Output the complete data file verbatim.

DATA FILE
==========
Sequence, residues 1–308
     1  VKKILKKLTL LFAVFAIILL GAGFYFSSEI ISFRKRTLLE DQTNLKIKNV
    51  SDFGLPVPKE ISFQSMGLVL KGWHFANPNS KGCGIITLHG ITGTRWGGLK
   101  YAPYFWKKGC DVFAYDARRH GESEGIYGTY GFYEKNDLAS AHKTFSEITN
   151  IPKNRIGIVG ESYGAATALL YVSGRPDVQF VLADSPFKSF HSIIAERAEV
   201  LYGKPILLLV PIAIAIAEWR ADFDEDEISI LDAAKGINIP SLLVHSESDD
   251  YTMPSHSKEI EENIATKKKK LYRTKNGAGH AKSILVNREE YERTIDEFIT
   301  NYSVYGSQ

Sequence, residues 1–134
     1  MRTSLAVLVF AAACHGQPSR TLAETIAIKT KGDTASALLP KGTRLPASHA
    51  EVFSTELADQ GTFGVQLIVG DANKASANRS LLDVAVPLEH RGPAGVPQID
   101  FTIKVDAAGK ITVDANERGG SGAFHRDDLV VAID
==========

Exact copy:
Sequence, residues 1–308
     1  VKKILKKLTL LFAVFAIILL GAGFYFSSEI ISFRKRTLLE DQTNLKIKNV
    51  SDFGLPVPKE ISFQSMGLVL KGWHFANPNS KGCGIITLHG ITGTRWGGLK
   101  YAPYFWKKGC DVFAYDARRH GESEGIYGTY GFYEKNDLAS AHKTFSEITN
   151  IPKNRIGIVG ESYGAATALL YVSGRPDVQF VLADSPFKSF HSIIAERAEV
   201  LYGKPILLLV PIAIAIAEWR ADFDEDEISI LDAAKGINIP SLLVHSESDD
   251  YTMPSHSKEI EENIATKKKK LYRTKNGAGH AKSILVNREE YERTIDEFIT
   301  NYSVYGSQ

Sequence, residues 1–134
     1  MRTSLAVLVF AAACHGQPSR TLAETIAIKT KGDTASALLP KGTRLPASHA
    51  EVFSTELADQ GTFGVQLIVG DANKASANRS LLDVAVPLEH RGPAGVPQID
   101  FTIKVDAAGK ITVDANERGG SGAFHRDDLV VAID